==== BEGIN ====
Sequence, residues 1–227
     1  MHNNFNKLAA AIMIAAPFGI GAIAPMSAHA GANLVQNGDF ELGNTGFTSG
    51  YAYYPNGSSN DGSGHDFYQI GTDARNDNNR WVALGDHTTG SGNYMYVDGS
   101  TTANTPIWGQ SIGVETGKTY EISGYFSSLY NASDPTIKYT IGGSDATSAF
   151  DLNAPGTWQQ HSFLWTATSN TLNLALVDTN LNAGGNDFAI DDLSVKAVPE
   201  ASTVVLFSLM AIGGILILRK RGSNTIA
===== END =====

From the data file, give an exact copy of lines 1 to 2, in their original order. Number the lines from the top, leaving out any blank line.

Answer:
Sequence, residues 1–227
     1  MHNNFNKLAA AIMIAAPFGI GAIAPMSAHA GANLVQNGDF ELGNTGFTSG